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Q&A: How Bad Is It Really in the Publishing Industry?

Photobucket [1]Sarah Woodbury [2] asked: I’d like to see an assessment from an agent, published author, and an editor about what happened in 2009-2010 in the publishing world. I’ve heard some amazing things (30% of employees laid off, advances down 50%, sales down a similar amount, publishing houses not buying books at all for months at a time, reprinting older books rather than buying new ones) and I’d like to know what’s true and what’s not.

This is an excellent question, but also difficult to answer definitively. For most publishing companies and agencies (and authors!), this information is considered a competitive advantage, so few are willing to outline specifics, especially when related to a decline.

The other difficulty is that you’ll get a diversity of answers based on who you ask, what their category or genre is, and how long they’ve been in the business.

For example, consider the 4 different answers given to me by 4 literary agents, earlier this year, on the topic of lower advances:

Wendy Keller [3]: “It’s horribly true that advances are down and so are the number of books publishers are buying. Dramatically.”

Paige Wheeler [4]: “Personally, I haven’t found [advances] shrinking, but for the midlist author, they certainly aren’t growing. I think publishers are being more selective, and their offers are more in line with their enthusiasm for a project. That stated, I find I’ve had to explain to my midlist authors to prepare for a decrease in advances for subsequent books if the first few books didn’t make a huge splash. We’re working harder to grow these authors and develop bigger book ideas.”

Richard Curtis [5]: “I’m blessed to represent a core group of successful authors whose advances have held steady or even increased. We also handle many genre books that traditionally are more resistant to downward pressure than ‘softer’ kinds of literature, such as general fiction. Where we definitely feel the ‘shrink’ is in the resistance to new authors. The wall is far higher than we’ve ever seen it, and sadly that means we must turn more newcomers away than we want to.”

Scott Waxman [6]: “It has made us more selective on what we will submit to publishers.”

(Read the full roundtable here, from Writer’s Digest.) [7]

I can say from personal experience, after working at a mid-size publisher that focused on special-interest media, that the percentages you’re throwing out there are pretty spot on. I acquired titles and negotiated contracts starting in 1998 for my company, and everything changed in 2009.

One piece of hard, public evidence you can easily follow is bookstore earnings and store closings. Fewer stores or weak store sales will lead to lower buys from bookstores, smaller print runs for publishers, and smaller advances for authors—and sometimes fewer books published overall.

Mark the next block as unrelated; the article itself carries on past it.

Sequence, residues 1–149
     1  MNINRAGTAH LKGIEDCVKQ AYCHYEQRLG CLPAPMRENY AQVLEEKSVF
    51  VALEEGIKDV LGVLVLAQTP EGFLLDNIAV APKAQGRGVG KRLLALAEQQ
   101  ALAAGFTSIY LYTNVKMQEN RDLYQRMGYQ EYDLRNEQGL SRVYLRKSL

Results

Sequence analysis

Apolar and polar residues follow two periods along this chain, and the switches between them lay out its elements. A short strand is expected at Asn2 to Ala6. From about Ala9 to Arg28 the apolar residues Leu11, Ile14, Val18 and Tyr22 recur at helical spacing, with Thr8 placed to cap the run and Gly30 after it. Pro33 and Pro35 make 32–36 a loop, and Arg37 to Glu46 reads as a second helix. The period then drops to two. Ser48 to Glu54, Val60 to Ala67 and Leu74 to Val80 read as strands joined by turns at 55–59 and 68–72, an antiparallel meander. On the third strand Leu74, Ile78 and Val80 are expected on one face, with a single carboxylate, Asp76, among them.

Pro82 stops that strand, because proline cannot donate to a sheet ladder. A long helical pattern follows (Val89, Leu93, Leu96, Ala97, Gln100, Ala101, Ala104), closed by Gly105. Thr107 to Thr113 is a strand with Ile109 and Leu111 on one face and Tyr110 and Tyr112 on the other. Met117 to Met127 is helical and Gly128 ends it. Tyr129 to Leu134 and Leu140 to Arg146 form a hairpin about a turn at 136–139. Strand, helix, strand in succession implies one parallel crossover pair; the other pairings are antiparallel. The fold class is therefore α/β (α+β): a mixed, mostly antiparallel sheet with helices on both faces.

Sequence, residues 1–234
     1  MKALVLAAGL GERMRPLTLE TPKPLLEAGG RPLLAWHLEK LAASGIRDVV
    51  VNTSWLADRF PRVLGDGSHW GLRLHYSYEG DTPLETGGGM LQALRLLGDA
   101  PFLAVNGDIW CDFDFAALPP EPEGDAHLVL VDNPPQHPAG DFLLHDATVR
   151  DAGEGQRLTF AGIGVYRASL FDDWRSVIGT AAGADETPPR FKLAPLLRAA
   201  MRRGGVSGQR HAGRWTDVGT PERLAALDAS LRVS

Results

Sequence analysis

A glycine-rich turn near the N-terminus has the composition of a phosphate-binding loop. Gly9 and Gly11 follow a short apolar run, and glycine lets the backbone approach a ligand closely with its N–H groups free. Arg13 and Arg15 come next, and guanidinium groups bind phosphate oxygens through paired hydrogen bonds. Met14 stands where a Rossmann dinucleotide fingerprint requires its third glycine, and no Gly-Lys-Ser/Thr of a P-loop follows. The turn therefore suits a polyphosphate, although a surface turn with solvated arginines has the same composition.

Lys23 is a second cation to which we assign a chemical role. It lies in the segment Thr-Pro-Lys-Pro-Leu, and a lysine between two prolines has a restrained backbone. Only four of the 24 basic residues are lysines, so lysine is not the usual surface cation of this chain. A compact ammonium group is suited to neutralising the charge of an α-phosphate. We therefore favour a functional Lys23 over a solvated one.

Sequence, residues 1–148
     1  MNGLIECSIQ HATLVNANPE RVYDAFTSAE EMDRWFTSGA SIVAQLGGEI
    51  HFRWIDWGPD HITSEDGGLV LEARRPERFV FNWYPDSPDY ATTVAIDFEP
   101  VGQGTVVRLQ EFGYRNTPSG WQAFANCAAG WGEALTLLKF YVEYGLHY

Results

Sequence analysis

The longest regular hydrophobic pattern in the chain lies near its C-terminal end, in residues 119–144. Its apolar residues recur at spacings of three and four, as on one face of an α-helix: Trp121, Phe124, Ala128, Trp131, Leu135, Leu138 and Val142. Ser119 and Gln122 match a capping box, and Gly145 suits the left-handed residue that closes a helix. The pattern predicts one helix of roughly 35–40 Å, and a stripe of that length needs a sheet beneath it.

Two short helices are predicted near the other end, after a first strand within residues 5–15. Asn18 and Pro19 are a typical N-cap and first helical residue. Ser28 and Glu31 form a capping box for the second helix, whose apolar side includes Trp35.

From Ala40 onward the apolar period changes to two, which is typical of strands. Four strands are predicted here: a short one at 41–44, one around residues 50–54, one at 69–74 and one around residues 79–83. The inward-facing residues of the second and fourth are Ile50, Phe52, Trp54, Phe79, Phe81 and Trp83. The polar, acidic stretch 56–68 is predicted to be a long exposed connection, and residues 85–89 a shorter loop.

Here are the most recent stats and articles that are revelatory.



If you’d like a narrative account of changes taking place (with predictions), this blog post by former HarperStudio publisher, Bob Miller, still carries meaning and insight after a year [16].

All that said, there’s a much bigger wild card sitting out there that impacts what’s happening: e-books. Publishing’s business model is transforming as more people switch to e-reading devices or tablets, and it will likely take years before you start to see firm or expected standards—i.e., “normalcy.”

A recent article in the Wall Street Journal, “E-Books Rewrite Bookselling,” [12] has an excellent overview of this dynamic; here’s a brief snippet:

Nowhere is the e-book tidal wave hitting harder than at bricks-and-mortar book retailers. The competitive advantage Barnes & Noble spent decades amassing … was already under pressure from online booksellers.

It evaporated with the recent advent of e-bookstores, where readers can access millions of titles for e-reader devices.

Even more problematic for brick-and-mortar retailers is the math if sales of physical books rapidly decrease: Because e-books don’t require paper, printing presses, storage space or delivery trucks, they typically sell for less than half the price of a hardcover book. If physical book sales decline precipitously, chain retailers won’t have enough revenue to support all their stores.

I highly recommend reading the full WSJ article [12], and then immediately subscribing to Mike Shatzkin’s blog [17]. He has the best insight into the changes underway, and while he might not always be able to give hard data to back up his statements and predictions, his 30 years of experience and insider connections make him one of the most trustworthy sources on the past, present, and future of publishing.

Photo courtesy Flickr’s 35mmDan [18]

About Jane Friedman [19]

Jane Friedman [20] has more than 20 years in the publishing industry, with expertise in digital media and the future of authorship. She's the co-founder and editor of The Hot Sheet [21], the essential industry newsletter for authors. You can find out more about her consulting services and online classes at her website, JaneFriedman.com [20].